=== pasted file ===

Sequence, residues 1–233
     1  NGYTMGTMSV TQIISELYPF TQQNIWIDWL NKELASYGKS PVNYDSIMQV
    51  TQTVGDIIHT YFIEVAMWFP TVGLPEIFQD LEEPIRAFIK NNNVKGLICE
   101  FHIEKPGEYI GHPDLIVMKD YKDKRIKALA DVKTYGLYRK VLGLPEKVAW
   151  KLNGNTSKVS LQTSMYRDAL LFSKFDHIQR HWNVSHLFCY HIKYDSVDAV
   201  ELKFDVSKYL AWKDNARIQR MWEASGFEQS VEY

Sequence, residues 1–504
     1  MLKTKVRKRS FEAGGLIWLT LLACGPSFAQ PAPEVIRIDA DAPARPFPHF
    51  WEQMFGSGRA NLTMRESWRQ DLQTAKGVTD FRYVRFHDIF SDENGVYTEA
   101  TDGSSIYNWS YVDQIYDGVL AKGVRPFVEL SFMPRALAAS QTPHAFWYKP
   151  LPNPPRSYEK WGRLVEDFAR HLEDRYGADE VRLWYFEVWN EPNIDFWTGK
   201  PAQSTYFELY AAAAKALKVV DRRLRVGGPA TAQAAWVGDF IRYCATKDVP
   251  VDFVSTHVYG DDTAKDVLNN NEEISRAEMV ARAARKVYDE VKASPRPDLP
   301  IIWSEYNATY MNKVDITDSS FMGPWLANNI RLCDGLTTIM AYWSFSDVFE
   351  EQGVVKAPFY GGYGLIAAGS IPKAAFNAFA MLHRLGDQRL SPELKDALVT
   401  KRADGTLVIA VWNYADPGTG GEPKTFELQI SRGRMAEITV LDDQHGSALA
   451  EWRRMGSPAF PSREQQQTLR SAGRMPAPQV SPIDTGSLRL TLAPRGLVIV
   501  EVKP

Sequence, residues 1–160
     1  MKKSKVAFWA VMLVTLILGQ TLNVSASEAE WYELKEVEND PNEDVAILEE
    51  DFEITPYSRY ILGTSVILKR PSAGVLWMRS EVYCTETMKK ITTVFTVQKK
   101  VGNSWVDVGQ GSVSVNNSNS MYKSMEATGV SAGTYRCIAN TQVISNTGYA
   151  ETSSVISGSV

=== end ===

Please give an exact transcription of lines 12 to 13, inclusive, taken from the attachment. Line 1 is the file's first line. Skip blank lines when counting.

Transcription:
   201  PAQSTYFELY AAAAKALKVV DRRLRVGGPA TAQAAWVGDF IRYCATKDVP
   251  VDFVSTHVYG DDTAKDVLNN NEEISRAEMV ARAARKVYDE VKASPRPDLP